Whether you are welcoming a new robot vacuum into your home, setting up smart lighting, or adding one of the latest smart speakers, there’s a chance you may run into trouble getting your smart home devices connected to your Wi-Fi network. There are a few possible reasons, but the most common is that many smart home devices can only connect to the 2.4-GHz Wi-Fi band.
Simply put, most routers have a single network name or SSID (Service Set Identifier), which is what your devices connect to. The router decides on the frequency band—choosing between 2.4 GHz or 5 GHz—based on the device and signal strength, which is called band steering. The 2.4-GHz band has better range and penetration through obstacles like walls, but the 5-GHz band is faster.
The problem? If you use your phone to set up the smart home device via its respective app, you might find that the device wants to join the 2.4-GHz Wi-Fi band, but your phone is on the 5-GHz band. This disconnect can lead to a frustrating loop where your new device hangs on the connecting step before eventually reporting that it cannot join your network. Thankfully, there are three main ways to solve this issue.
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Split the Bands
By splitting the bands, your 2.4-GHz network and your 5-GHz network can have distinct names and passwords. This makes your home network slightly more complex, but it does allow you to decide which band to join. For devices that operate on 2.4-GHz and 5-GHz, like your phone and laptop, you'll want to join both and let your device choose (it should default to the fastest available strong signal). It’s a good idea to append the name of the 5-GHz band, so you know which is which. (For example, name them “mynetwork” and “mynetwork_5GHz.”)
Smart home devices that have this connectivity problem during setup can connect just fine after you complete the split, so you can switch back to a single SSID after your new device is successfully connected (just make sure the 2.4-GHz band network has the name and password you intend to use as your main network).
Go the Distance
A simpler method is to move far enough away from your router (make sure to unplug the nearest mesh node); this might force your phone to connect to the 2.4-GHz band. Since this band has a better range, your smartphone will eventually switch from 5 GHz with enough distance. This might mean carrying your robot vacuum out into the backyard, which isn’t ideal.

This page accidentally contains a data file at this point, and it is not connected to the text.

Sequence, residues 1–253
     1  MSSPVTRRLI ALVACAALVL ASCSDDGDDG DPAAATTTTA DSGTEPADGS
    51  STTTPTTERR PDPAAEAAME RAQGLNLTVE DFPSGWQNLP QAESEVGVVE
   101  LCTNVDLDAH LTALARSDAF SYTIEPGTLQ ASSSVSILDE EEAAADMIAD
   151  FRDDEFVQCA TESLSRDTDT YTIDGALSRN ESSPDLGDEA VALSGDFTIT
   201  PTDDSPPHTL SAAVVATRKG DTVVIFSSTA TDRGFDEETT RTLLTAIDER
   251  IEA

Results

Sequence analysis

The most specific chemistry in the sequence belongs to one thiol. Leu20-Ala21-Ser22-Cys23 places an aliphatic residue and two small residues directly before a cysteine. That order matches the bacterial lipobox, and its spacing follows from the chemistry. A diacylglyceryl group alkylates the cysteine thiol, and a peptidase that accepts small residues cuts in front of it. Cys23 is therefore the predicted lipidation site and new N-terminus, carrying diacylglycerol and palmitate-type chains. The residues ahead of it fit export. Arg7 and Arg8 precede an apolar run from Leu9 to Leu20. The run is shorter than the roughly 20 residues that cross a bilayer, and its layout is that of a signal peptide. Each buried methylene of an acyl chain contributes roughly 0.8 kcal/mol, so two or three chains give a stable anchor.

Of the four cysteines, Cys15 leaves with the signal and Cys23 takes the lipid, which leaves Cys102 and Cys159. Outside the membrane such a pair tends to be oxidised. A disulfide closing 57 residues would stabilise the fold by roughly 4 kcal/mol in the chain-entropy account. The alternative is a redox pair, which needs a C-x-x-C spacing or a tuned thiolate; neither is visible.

Create a Guest Network
You may prefer not to have two separate networks or find that your mesh router doesn’t support band splitting. For example, Google’s Nest WiFi does not allow you to split bands. You can often get around this issue by creating a guest network, which only operates on the 2.4-GHz band. (By default, most guest networks run on this band.)
Guest networks are designed to enable visitors to your home to connect to your Wi-Fi network without giving them access to the same network as all your devices. Both networks have access to the internet, but only devices on the same network can talk directly to each other, which can be handy for sharing files or printing. Visitors on guest networks can’t infect any of your devices with malware (not that they would do this deliberately, but they may be unwittingly infected).
The potential drawback is that your devices cannot communicate directly through your local network (though they can still connect through the internet). In practice, most smart home devices and their controllers are connected to the cloud and communicate through the internet anyway. This LG smart window AC, for example, needs to connect to the 2.4-GHz band in case a user wants to control it remotely when away from home. You can connect it to a guest network, then connect it to the voice assistant platform of your choice (like Google Assistant or Alexa), and then it should have no trouble working wherever you are.
Remember that printers, network-attached storage, and smart TVs or speakers you want to be able to cast to should all be on the same network as devices like your computer or smartphone to work properly. For some smart lights to respond to commands when the internet goes down, the lights and controllers must be on the same network. It may be possible to configure some routers to allow direct access to specific devices on a guest network from devices on your main network, but this varies from manufacturer to manufacturer.
Some router manufacturers (notably Netgear) have an extra option labeled “IoT network” that you can use. This offers a separate network for devices that need the 2.4-GHz band but still allows them to see and connect to devices on your main network.